An idea about drawing a Comic

up poznan.jpg

While traveling through Poland, I had the idea of drawing a comic strip about a puppy that goes around sites we visit having some sort of adventures related to the place. Hence, Yippee, the Unhappy Puppy was born but I was always sort on time to materialize this idea. Today, I’m making a first step towards this, since I think I postponed it long enough. This is a rough sketch and I used a shot of Poznan as a background. I made use of Manga studio, which I had used for a short time many years ago, so I am currently trying to learn some stuff about handling this software. Hope we’ll see more of this puppy…

Traveling without boundaries – Time for some music


The current post comes after the enthusiasm and hard work of a good friend, Kostas (whom we can probably call Encyclopedia Musica by the way, since this guy has both the skills and the knowledge of some good music). Kostas was kind enough to respond to our suggestion of compiling a list of songs that are related to travel (whether actual or mental) and the fruit of this effort took the form of a radio show, presented in the form of a podcast, on mixcloud. So, without further ado, enjoy this compilation which is an ideal soundtrack for a lengthy road-trip. All comments during the radio show are in Greek, but don’t let this be a problem since you can enjoy the music.



Darkness in Tallinn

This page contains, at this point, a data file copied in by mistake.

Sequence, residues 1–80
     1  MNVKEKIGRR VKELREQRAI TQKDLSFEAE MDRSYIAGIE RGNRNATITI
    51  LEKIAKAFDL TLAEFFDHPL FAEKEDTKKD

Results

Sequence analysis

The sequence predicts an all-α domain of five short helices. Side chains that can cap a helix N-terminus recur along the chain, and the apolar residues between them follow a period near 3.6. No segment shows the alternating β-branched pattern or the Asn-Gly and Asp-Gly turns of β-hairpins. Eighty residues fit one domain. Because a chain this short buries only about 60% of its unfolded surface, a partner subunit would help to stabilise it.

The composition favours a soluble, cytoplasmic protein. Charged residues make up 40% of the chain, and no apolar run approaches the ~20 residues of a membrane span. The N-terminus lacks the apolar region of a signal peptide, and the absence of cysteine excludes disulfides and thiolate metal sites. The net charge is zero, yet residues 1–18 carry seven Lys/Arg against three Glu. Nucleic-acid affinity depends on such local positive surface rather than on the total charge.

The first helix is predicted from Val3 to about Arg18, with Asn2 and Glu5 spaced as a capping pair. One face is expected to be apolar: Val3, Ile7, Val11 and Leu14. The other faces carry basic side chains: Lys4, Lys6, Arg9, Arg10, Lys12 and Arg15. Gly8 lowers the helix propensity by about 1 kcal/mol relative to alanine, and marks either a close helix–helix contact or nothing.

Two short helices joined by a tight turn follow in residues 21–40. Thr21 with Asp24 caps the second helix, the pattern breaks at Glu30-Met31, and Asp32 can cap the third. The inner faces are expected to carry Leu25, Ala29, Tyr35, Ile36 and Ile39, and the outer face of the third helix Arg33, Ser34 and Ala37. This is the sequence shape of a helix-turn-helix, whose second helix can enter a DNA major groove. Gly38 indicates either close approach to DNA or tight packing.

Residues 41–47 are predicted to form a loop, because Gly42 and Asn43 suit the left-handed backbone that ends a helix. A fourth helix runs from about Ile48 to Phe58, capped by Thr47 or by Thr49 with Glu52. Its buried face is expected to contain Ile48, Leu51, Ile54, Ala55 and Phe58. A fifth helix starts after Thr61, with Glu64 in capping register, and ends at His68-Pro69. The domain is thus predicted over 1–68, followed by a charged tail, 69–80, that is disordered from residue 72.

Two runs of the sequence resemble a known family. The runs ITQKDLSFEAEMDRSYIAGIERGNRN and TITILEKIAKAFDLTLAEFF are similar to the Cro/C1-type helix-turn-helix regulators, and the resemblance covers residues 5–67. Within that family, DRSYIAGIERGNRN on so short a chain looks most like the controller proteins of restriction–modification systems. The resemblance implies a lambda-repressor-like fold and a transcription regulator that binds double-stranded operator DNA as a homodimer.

It’s 1991. Estonia gains independence from the USSR and is becoming a sovereign state for just the second time in the country’s modern history. The newly liberated state has just brought back from Paris to its bank a billion dollars (hidden by its last leaders before Soviet occupation). Some Russian mobsters think of a plan to steal the gold by shutting down Tallinn’s power supply while the unsuspected Estonians celebrate their independence. To reach their goal they enlist the help of Toivo, who works at the electricity plant as a technician but the young man is a bit reluctant towards aiding the mobsters. However, his pregnant wife Mary, urges him to take part in the heist “5000 $ can buys lots of baby food” is her convincing argument.  So, Toivo goes to the plant accompanied by the mobsters and leaves his wife home. Yet, some time after his departure, Toivo assists the mobsters unaware of the fact that his wife goes into labour and – to make matters worse, he succeeds in cutting of the power,unknowing that his new born baby needs an incubator. Furthermore his wife is told that Toivo is dead and that gets her worse. Finally the mobsters get caught but Toivo’s wife dies. As he gives her a final kiss, a teardrop falls from his eyes to Maria’s eyelids and she regains consciousness.